Triangles are shapes with three sides. Because they have three sides, they also have three angles.

Triangles used to be referred to as trigons. However, this term has mostly been replaced with the more common term, triangle.

Now, let's illustrate what we mean by a triangle. Every triangle has three sides and three edges or corners which are known as vertices.

The figure below shows a triangle, . We can write to denote the triangle . Now, has three vertices A, B, and C. It also has three sides: AB, BC, and CA.

Example of a triangle - StudySmarter Originals

As illustrated in the above image, triangles have three angles. If we were to cut each of these angles out of the triangle and line them up next to each other, we could notice that all three angles would form a straight line. Recall that angles on a straight line sum to 180 degrees. Therefore, we can say that angles in a triangle add up to 180 degrees.

Therefore, if the three angles of the triangle are , and , we can say that:

This is an important fact, as we can use it to help determine missing angles in a triangle. We will do this in the following example:

Suppose we have a triangle with angles and . Work out the third angle.

Solution:

Let's denote the missing angle by . Since the three angles in a triangle add up to , we can say:

Therefore,

.

Subtracting from both sides, we obtain:

Therefore, the missing angle is .** **

Now, we will talk about finding the area of a triangle.

The area of a shape is the space that it takes up. It is measured in square units (i.e., m^{2} or ft^{2}).

There is a formula that allows us to work out the area of any given triangle. It is:

So, all we need to know is the base and the height to work out the triangle's area. When we refer to the height, we are talking about the **perpendicular** **height** as measured from the base. So, the height and base should be at right angles** **to each other, as shown in the diagram below.

In the triangle ACB, we have the base of and the height of . We can also see that is perpendicular to (). So, if we measured their lengths, we could work out the area of this triangle using the formula.

Recall that the area is measured in square units. So, if the height and the base are measured in centimeters (), the area would be measured in centimeters squared ().

Suppose the base of a triangle is and the height is . Work out the area of the triangle.

Solution:

Using the fact that:

We can say that:

Therefore, the area of this triangle is .

In addition to the area of triangles, we are often asked to work out the perimeter as well. The perimeter is the sum of all of the lengths of the triangle's sides. So, to obtain the perimeter, we need to add up these side lengths.

The formula for a triangle's perimeter can be written as:

Where , , and are the lengths of each of the three sides of the triangle. Let's take a look at how to use this formula in an example problem.

If we have a triangle with side lengths , , and , what would the perimeter be?

Solution:

Using the formula for the perimeter, we have that:

So, the perimeter of this triangle would be .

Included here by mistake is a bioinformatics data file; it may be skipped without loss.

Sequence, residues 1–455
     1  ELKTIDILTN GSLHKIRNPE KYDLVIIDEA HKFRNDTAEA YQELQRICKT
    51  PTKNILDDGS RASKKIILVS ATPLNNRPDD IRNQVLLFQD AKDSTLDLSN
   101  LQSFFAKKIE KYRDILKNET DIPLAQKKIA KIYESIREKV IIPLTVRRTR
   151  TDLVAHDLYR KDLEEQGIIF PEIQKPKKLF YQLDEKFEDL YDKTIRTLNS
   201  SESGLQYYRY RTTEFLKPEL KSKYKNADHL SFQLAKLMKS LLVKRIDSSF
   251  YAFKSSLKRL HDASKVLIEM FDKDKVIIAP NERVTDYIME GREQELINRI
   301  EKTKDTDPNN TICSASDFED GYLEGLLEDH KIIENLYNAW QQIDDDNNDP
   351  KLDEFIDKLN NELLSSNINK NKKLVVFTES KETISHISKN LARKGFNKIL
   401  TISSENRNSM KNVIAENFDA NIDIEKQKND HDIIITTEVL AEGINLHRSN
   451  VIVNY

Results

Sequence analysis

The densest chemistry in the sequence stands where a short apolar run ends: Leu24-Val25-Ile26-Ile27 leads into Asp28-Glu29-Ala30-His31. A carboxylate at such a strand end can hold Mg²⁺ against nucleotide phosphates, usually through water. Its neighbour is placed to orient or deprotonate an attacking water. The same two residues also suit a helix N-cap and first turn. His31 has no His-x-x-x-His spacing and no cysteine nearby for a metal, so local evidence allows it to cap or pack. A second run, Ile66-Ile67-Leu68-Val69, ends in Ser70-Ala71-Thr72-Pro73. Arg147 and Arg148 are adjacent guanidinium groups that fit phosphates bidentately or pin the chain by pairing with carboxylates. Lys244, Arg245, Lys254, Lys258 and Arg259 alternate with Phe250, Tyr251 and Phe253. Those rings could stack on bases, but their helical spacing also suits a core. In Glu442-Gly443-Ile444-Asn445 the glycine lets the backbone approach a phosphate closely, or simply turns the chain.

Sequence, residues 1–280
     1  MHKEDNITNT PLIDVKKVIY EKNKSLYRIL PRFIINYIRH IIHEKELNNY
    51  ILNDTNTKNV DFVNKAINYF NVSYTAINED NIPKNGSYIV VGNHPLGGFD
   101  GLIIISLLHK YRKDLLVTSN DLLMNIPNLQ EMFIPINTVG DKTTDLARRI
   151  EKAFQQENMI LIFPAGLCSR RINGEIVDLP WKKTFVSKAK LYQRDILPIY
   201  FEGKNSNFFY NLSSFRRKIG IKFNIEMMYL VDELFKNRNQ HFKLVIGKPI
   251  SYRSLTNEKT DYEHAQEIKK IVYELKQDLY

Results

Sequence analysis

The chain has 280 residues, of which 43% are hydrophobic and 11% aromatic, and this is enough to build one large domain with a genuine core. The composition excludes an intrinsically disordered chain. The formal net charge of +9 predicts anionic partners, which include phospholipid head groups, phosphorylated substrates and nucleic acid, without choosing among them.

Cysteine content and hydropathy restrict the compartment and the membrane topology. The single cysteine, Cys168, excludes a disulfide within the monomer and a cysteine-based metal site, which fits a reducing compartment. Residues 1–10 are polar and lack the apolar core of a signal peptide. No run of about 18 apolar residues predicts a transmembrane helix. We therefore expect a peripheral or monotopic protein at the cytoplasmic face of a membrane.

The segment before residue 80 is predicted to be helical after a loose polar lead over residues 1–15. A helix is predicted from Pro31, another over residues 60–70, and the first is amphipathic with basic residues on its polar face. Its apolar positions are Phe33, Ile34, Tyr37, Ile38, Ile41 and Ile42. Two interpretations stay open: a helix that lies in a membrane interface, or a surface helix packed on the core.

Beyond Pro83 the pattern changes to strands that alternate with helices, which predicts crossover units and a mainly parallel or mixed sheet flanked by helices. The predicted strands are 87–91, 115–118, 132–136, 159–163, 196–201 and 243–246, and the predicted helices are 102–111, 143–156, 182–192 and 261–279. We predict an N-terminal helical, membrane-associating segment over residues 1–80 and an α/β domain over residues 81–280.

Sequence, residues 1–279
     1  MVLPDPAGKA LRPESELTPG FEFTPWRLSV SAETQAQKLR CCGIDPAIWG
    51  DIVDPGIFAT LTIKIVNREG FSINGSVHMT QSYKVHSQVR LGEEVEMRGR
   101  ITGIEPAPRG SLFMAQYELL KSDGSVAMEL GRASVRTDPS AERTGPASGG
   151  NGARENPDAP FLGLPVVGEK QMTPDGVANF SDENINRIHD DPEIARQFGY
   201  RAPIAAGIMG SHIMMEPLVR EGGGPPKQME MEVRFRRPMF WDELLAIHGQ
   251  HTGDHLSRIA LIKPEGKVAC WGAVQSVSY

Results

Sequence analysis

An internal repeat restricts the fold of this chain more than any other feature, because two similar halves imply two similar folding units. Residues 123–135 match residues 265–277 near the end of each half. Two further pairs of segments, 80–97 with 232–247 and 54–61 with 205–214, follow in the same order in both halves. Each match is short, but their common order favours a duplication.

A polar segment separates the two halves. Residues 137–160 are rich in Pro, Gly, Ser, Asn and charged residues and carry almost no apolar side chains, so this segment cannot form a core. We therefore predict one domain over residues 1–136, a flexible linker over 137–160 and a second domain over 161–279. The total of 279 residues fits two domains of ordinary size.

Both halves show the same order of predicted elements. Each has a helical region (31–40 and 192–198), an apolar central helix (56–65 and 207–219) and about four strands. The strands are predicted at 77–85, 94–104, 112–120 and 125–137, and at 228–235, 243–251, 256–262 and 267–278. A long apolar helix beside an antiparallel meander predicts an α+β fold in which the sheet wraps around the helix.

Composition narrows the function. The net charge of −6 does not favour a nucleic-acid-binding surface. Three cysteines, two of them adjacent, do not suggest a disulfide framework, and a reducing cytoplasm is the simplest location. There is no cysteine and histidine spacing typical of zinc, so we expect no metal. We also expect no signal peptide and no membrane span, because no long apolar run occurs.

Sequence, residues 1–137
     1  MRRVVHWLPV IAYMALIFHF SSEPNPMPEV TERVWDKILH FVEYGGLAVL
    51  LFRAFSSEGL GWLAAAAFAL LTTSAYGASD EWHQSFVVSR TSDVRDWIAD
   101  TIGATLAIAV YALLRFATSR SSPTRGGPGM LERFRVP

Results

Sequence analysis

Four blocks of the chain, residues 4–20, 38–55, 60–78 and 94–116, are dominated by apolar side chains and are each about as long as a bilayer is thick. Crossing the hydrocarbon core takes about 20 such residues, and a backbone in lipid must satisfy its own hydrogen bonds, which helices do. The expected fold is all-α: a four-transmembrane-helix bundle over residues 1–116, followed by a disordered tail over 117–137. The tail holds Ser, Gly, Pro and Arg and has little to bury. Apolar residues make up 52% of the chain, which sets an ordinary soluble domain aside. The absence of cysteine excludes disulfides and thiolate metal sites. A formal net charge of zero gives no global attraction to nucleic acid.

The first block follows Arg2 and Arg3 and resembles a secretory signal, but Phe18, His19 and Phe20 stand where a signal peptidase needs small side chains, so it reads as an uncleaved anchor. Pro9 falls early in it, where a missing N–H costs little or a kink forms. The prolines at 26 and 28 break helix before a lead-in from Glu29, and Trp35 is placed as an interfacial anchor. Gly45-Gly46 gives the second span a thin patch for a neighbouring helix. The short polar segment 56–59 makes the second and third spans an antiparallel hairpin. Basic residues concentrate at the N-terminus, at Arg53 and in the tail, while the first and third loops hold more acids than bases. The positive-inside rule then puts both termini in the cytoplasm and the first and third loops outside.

There are different types of triangles that are characterized by specific properties. We will discuss the properties of four types in more detail, including:

- The equilateral triangle
- The isosceles triangle
- The scalene triangle
- The right-angled triangle

Equilateral triangles consist of three equal sides and three equal angles, which helps to explain the name of ** equil**ateral. Recall from earlier that the three angles in a triangle sum up to . Since the equilateral triangle has three equal angles, we can say that each angle is , as calculated by: . If we have a triangle where we know each angle is equal to , we can say that it is an equilateral triangle.

The figure below shows an example of an equilateral triangle. Note that the ticks on each side of this triangle are there to show that each of the sides is equal in length.

Isosceles is a fun word to say, but what does it mean? Isosceles triangles are triangles with two equal sides and hence two equal angles. So, a useful characteristic of isosceles triangles is that we only need to know the size of one of the angles to be able to work out the other two! We will look at an example of this later on.

Below is an example of an isosceles triangle. Note that the ticks on two of the sides show that these two sides are equal in length.

So, we know that an equilateral triangle has three equal sides, and an isosceles triangle has two equal sides. Can you guess what a scalene triangle is? Scalene triangles have no equal sides and no equal angles.

Below is an example of a scalene triangle. This time there are no ticks on any of the sides because none of the sides are the same!

We also have a special type of triangle, which is instead classified by the properties of its angles. If one of the triangle's angles is a right angle, meaning it is, the triangle is a right-angled triangle. This type of triangle is particularly useful in the study of Trigonometry. Below is an example of a right-angled triangle:

Now, if we have a right-angled triangle, by definition, the triangle is also either an isosceles or scalene triangle. Take a look at the below example to see why: